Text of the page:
Radio host Don Imus has reached a multimillion-dollar settlement with CBS and is in talks to return to radio, possibly at New York’s WABC-AM, which airs conservative talkers Sean Hannity and Rush Limbaugh.
Settlement averts a threatened $120 million lawsuit and sets the stage for the resumption of Imus’ broadcasting career, derailed in April when he referred to the Rutgers U. women’s basketball team as “nappy-headed hos.”
CBS dismissed Imus in the wake of the comments and amid a broad advertiser revolt against the show, which aired on CBS’ WFAN-FM and was simulcast on MSNBC as “Imus in the Morning.”
Terms were not disclosed, but sources characterized the settlement as a fraction of Imus’ $40 million annual salary. Imus had reupped with CBS in a five-year contract just before the incident.
Imus’ departure caused scrambles at both CBS’ WFAN-FM and on MSNBC to fill three hours of morning programming. Morning drive is considered primetime to radio advertisers, and his show’s simulcast had been beating CNN in the ratings when it was canceled by MSNBC.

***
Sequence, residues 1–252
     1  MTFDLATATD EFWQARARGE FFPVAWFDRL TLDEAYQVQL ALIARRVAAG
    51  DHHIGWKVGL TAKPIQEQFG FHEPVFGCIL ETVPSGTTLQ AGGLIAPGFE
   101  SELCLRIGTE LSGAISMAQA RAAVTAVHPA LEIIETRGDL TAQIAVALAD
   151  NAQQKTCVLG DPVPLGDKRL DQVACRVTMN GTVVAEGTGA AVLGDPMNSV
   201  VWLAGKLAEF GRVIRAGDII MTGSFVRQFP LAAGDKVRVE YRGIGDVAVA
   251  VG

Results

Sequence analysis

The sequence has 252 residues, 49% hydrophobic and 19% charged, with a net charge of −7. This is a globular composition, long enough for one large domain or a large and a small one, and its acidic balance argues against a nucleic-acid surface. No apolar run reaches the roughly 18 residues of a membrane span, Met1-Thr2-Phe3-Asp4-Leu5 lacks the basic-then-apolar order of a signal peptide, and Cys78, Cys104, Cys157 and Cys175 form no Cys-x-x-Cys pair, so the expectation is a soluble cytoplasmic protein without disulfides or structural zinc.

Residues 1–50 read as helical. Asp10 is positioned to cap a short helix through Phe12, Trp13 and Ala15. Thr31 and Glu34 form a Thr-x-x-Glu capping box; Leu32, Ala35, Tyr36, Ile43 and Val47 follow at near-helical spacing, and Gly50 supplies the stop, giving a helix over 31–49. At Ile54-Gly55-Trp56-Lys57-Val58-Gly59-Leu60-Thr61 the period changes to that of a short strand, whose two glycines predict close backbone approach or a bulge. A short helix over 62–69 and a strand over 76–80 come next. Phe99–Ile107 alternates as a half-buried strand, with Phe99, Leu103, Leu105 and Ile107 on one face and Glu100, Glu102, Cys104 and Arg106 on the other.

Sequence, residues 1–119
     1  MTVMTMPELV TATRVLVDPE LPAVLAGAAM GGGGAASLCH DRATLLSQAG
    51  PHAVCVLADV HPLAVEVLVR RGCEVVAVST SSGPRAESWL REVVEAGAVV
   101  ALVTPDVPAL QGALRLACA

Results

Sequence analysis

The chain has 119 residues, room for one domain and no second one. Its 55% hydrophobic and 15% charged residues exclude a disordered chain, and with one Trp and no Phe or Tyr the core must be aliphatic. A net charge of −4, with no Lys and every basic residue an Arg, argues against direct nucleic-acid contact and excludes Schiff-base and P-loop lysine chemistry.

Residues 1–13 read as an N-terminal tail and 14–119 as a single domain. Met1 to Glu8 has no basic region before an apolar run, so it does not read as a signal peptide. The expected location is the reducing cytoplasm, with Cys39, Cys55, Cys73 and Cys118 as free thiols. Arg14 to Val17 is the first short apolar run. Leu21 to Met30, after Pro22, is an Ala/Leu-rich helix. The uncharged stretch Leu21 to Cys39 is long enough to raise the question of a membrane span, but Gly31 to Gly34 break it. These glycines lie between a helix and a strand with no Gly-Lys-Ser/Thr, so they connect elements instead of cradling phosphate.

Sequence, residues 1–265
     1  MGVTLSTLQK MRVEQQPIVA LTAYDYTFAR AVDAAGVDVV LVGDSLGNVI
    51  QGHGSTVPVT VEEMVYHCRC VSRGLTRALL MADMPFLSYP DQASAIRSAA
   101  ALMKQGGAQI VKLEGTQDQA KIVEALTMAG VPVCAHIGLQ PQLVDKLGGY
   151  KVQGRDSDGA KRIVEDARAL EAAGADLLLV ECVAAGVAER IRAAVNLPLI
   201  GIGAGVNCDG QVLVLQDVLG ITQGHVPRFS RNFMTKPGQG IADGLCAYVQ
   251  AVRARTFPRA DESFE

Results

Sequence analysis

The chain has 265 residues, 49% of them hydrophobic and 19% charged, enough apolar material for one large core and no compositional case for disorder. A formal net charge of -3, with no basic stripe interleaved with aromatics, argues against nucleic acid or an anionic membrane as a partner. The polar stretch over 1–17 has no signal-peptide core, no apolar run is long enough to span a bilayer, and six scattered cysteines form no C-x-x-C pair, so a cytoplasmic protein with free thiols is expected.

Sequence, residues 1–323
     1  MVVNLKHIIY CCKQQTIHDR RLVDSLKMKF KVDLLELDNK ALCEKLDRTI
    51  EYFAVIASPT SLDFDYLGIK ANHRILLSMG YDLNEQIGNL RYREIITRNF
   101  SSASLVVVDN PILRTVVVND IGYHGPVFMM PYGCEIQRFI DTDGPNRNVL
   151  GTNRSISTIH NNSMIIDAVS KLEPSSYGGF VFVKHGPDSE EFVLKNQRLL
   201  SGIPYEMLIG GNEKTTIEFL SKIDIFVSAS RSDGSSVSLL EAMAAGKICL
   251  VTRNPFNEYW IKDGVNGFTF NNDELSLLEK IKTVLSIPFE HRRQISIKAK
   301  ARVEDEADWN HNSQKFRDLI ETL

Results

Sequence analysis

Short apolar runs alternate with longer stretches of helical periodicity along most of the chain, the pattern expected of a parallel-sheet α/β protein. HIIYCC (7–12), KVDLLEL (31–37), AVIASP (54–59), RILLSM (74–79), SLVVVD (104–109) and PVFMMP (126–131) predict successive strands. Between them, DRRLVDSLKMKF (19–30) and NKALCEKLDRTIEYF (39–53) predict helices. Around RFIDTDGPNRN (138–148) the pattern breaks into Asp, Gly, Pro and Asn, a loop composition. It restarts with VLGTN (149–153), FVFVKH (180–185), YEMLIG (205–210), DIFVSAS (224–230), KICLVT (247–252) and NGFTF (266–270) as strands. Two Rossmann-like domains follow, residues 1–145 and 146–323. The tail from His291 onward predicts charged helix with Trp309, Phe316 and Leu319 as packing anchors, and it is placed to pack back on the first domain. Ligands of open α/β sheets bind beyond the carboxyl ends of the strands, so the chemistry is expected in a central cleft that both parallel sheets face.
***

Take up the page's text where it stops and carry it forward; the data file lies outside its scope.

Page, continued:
In addition to the settlement, CBS announced Tuesday that WFAN had named former NFL quarterback Boomer Esiason and broadcaster Craig Carlton as permanent replacements for Imus.
By naming Esiason and Carlton, WFAN turns to an all-sports format and severs its relationship with MSNBC, which had been in talks with the station to simulcast its new ayem show with former Florida congressman Joe Scarborough.
NBC News execs are still seeking a radio deal for the show, “Morning Joe.” The network is still tinkering with the format and supporting cast, which includes news reader Mika Brzezinski and humorist Willie Geist.
In the wake of his dismissal, Imus’ attorney Martin Garbus had threatened a suit against the Eye, alleging that risque and controversial commentary was part of Imus’ job, was “desired by the company” and “consistent with company policy.”
Settlement includes a non-disparagement clause that prohibits Imus from speaking negatively about CBS.
Radio industry sources predicted that Imus could replace the relatively low-rated “Curtis and Kuby in the Morning” on New York’s WABC. That show is hosted by right-wing Guardian Angels founder Curtis Silwa and left-wing attorney Ron Kuby.
WABC general manager Steve Borneman denied that any talks had taken place.
“I’ve had no conversation with Imus,” he said. “I wish him the best, and we are very happy with our morning team of Curtis and Kuby.”
Sirius Satellite Radio chief and former CBS prexy Mel Karmazin has also said he would entertain employing Imus.
Any Imus comeback would have to overcome some ill will on Madison Avenue and possible resistance among the top authors and politicos who used to frequent “Imus in the Morning.”
But sources predicted the guests would come back. Some have said publicly they thought Imus’ punishment did not fit the crime.